A Sacred Footpath

The Trail of the 57 Shrines

Jeff and I have been looking for this trail ever since Harlan told us about it when we first arrived at the Preserve in the fall of 2018. It’s not a marked trail on any of our maps. So, sorry, I will not share how to find this trail, but I will share the experience of walking along the over 500-year-old path of the Native Cahuilla Tribes whose lands we stole.

Harlan would explain to us how to find this trail, but we never did, that is until today when he hiked with us and showed us from a distance where we needed to descend and ascend to connect with a narrow footpath.

It is not obvious where to access this trail and even less obvious as to how to get there. (But, promise me! If you do, PLEASE be respectful. Stay on the trail and do not disturb any rocks or carry out a souvenir! Make this a memorable moment in your life and just take pictures.)

Once we stepped onto the narrow trail, I knew I was walking upon special ground and I felt connected to these indigenous people who learned how to survive and thrive in the desert heat and sand with a minimal supply of water.

As I respectfully moved forward, I so hoped that the sound waves from each step I took composed themselves into a song honoring the Native Cahuilla. You don’t know me and I don’t know you but I am your sister, your daughter, your student. You are my brothers and sisters, my parents, my teachers. (The only other time in my life that I felt this collective consciousness experience was when I landed in Africa and stepped off the plane. I was in Addis Ababa, Ethiopia. My first thought, that came out of nowhere was, “I am home.“)

Prehistoric Trails in the Colorado Desert

The indigenous people of southeastern California and western Arizona left a lasting legacy of their presence in the form of numerous trails crisscrossing the Colorado desert. Their more modern contemporaries also relied on these same footpaths to travel between permanent settlements for trade and warfare, to travel to seasonal base camps to collect stone and foraging resources, and to travel to temporary campsites along exploitation trails. These ancient Indian trails were also ritual routes leading to sacred sites.

Research conducted in 1987 and 1996 hypothesized that the repeated pounding of feet upon these trails pressed the rocks of the desert pavement into the soil or pushed them aside to reveal the lighter-colored subsoil. A 2003 study, however, suggested the prehistoric trails were deliberately cleared. (scahome.org)



Cleared circles of various sizes are often found along trail segments. In 1966 Malcolm Rogers referred to these clearings as sleeping circles, suggesting that they represented temporary camps. (scahome.org)


Rogers also suggested that the ruins of large circular rock cairns along these trails indicated their existence as shrines, “simple offerings, generally rock, presumably in the belief that they would prevent fatigue, sickness or injury while traveling.”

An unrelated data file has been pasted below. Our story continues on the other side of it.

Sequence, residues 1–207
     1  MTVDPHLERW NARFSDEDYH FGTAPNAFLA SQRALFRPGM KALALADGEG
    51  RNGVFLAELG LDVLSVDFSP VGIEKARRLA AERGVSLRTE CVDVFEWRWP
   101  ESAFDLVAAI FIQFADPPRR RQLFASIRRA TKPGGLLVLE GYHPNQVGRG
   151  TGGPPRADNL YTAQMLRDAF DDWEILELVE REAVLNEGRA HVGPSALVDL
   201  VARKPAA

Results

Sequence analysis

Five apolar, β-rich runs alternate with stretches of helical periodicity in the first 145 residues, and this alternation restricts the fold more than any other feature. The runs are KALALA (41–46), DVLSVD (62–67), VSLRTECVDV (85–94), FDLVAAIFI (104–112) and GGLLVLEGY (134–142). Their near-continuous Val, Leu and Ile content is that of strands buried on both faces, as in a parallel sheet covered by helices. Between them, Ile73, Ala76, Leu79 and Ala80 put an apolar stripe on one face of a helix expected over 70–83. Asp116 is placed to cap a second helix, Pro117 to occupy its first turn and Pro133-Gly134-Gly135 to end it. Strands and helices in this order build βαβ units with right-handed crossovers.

Andrew Pigniolo, Jackson Underwood, and James Cleland concluded in 1997 that “the religious and spiritual significance of trails, added to the well-recognized importance of desert trails for trade and travel, provides a portrait of trail patterns as an extremely significant heritage resource.” (scahome.org)

Trail Shrines

Rock cairns, circular mounds of stones, petroglyphs, tobacco pipes, broken pottery shards, and shell ornaments have been discovered along these interwoven trails.

our sacred journey

Desert pavement… a stony surface without sand or vegetation covering an expanse of the world’s drylands… (thoughtco.com)

Seeing its presence on a wide desert vista, dark with age, gives a hint of the delicate balance of slow, gentle forces that create desert pavement. It is a sign that the land has been undisturbed for thousands and thousands of years. (Ahem, another reason why staying on established trails is so important!)

You are quite right noticing the rock piles beside the trails…

And yes, some sleeping circles lie ahead (pun intended)…

Desert pavement, footpath, and sleeping circle…



A cactus “tale”… beavertail cactus, that is…

A barrel full of barrel cactus…

Back on the marked trails again… bird’s eye view of Thousand Palms Oasis and Thousand Palms Canyon Road.

And here’s a view of the trail and washes along Bee Mesa…

And this view of Mt. San Jacinto hovering over Palm Springs and the desert cities…

Leave a Reply

Fill in your details below or click an icon to log in:

WordPress.com Logo

You are commenting using your WordPress.com account. Log Out /  Change )

Facebook photo

You are commenting using your Facebook account. Log Out /  Change )

Connecting to %s

This site uses Akismet to reduce spam. Learn how your comment data is processed.